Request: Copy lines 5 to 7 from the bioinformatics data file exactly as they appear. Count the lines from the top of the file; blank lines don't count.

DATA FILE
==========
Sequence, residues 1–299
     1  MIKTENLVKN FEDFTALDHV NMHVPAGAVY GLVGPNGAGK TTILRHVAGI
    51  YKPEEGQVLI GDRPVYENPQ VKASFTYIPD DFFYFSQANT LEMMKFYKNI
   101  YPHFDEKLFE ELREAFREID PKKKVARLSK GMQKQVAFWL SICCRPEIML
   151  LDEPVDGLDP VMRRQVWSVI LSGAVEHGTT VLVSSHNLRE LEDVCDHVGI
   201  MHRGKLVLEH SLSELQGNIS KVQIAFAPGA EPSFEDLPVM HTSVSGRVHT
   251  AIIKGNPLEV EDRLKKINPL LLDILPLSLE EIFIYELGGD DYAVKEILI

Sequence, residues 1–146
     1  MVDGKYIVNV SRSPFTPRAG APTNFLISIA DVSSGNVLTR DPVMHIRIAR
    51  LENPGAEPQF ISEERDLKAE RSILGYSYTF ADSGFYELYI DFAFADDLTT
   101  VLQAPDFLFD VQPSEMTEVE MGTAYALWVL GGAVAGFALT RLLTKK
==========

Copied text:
   151  LDEPVDGLDP VMRRQVWSVI LSGAVEHGTT VLVSSHNLRE LEDVCDHVGI
   201  MHRGKLVLEH SLSELQGNIS KVQIAFAPGA EPSFEDLPVM HTSVSGRVHT
   251  AIIKGNPLEV EDRLKKINPL LLDILPLSLE EIFIYELGGD DYAVKEILI